Summorum Pontificum has had a big cultural impact as well, according to Joseph Shaw, chairman of the Latin Mass Society. The EF “has a place in the life of the Church today which would have been unthinkable before 2007”, he says. More and more priests and bishops are celebrating the older rite. Institutes such as the FSSP are growing: “Formerly, the 1962 Missal was regarded as legally and theologically dubious even by many on the ‘conservative’ side of the debate in the Church: that attitude has now simply gone.” [That’s not the case everywhere, alas. There is still strong opposition, though they disqualify themselves by their shrillness.]
Recent developments vindicate Shaw’s point. In February, Bishop Mark O’Toole of Plymouth established a permanent base for the traditional Latin Mass at St Edward the Confessor, Peverell, which has a weekly EF Mass. Catholics in the Diocese of Leeds have the same opportunity, at St Joseph’s, Bradford.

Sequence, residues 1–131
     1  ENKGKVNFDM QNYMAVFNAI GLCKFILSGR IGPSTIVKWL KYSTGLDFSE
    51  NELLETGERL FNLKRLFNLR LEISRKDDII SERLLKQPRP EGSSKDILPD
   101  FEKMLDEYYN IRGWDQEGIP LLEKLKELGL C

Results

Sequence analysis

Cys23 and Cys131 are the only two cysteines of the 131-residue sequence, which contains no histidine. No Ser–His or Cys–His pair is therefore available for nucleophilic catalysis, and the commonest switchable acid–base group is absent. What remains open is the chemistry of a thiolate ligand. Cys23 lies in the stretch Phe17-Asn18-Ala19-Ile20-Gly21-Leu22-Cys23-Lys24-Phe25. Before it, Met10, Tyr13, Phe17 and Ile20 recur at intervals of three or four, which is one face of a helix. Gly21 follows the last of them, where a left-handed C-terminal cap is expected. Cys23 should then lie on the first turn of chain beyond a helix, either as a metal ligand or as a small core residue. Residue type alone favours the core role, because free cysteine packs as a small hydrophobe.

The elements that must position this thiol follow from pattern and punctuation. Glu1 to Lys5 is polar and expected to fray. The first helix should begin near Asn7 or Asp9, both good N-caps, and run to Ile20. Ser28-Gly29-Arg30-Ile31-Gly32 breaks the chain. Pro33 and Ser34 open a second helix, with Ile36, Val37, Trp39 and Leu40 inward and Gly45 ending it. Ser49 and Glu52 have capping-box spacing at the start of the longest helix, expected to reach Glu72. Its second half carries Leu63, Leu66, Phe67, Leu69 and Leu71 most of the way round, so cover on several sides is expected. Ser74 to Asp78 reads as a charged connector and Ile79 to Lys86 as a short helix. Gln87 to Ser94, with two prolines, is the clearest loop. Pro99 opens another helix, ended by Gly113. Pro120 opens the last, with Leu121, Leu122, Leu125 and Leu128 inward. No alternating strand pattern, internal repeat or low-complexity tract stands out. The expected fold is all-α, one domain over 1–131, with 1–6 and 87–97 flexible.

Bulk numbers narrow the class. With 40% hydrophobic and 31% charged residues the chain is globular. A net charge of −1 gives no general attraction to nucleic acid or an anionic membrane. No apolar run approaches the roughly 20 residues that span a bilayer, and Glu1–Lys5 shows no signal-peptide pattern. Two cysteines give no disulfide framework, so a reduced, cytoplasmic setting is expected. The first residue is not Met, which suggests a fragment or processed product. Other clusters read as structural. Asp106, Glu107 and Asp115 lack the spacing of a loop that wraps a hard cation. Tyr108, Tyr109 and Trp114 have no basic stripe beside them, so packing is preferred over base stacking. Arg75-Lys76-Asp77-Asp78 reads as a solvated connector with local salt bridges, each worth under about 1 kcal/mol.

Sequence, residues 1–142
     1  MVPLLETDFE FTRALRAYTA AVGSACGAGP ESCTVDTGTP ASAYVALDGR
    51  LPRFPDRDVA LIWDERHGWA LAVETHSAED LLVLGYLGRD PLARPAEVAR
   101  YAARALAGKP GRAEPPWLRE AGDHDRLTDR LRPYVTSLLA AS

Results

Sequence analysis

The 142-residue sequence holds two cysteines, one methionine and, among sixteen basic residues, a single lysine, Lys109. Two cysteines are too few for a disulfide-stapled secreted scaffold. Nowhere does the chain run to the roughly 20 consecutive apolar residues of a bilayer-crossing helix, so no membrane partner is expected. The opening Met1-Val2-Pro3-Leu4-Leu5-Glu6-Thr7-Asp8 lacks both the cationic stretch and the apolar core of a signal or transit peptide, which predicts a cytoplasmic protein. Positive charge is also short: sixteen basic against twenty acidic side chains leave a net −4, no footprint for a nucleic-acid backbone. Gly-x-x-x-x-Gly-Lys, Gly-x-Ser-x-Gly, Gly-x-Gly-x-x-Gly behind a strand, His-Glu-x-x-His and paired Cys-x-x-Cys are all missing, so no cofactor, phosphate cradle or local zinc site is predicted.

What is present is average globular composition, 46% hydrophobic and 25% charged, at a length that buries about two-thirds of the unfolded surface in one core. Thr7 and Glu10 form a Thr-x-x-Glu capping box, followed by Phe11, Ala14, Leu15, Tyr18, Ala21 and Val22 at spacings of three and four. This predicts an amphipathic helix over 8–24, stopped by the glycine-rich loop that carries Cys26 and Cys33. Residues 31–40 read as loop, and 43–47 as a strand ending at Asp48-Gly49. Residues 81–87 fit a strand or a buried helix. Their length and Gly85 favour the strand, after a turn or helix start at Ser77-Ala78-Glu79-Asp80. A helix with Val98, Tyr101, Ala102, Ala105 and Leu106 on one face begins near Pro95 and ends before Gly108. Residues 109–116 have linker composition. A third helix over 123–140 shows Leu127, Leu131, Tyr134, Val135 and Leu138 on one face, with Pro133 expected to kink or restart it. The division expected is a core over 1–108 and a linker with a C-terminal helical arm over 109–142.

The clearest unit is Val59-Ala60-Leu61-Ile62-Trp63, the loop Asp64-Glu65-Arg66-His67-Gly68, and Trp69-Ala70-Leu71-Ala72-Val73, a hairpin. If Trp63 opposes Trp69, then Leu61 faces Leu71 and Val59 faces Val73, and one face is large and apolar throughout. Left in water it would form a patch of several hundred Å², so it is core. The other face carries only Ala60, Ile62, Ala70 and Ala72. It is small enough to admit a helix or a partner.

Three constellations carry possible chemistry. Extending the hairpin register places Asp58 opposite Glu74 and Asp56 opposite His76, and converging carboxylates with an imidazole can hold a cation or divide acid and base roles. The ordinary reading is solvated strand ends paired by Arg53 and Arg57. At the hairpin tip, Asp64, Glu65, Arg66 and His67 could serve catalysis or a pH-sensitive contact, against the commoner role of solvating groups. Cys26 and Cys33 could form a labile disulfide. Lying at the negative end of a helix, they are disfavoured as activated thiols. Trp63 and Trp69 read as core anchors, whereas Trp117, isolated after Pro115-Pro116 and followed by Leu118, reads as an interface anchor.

Meanwhile, the Oratorians, a congregation known – among other things – for celebrating both the Ordinary and Extraordinary Form with reverence, are growing quickly: in the past few years four new Oratorian communities have sprung up.
On the ground, too, priests are increasingly open to the EF. The Latin Mass Society said that EF Masses at Easter rose to a “record” level last year, with 200 such celebrations across Britain.
There seems to be a particular apostolic energy emanating from some traditional communities. [Important.] Take Gosport’s Marian Franciscans, who (as Constance Watson reports on page 22) have just set up a radio station.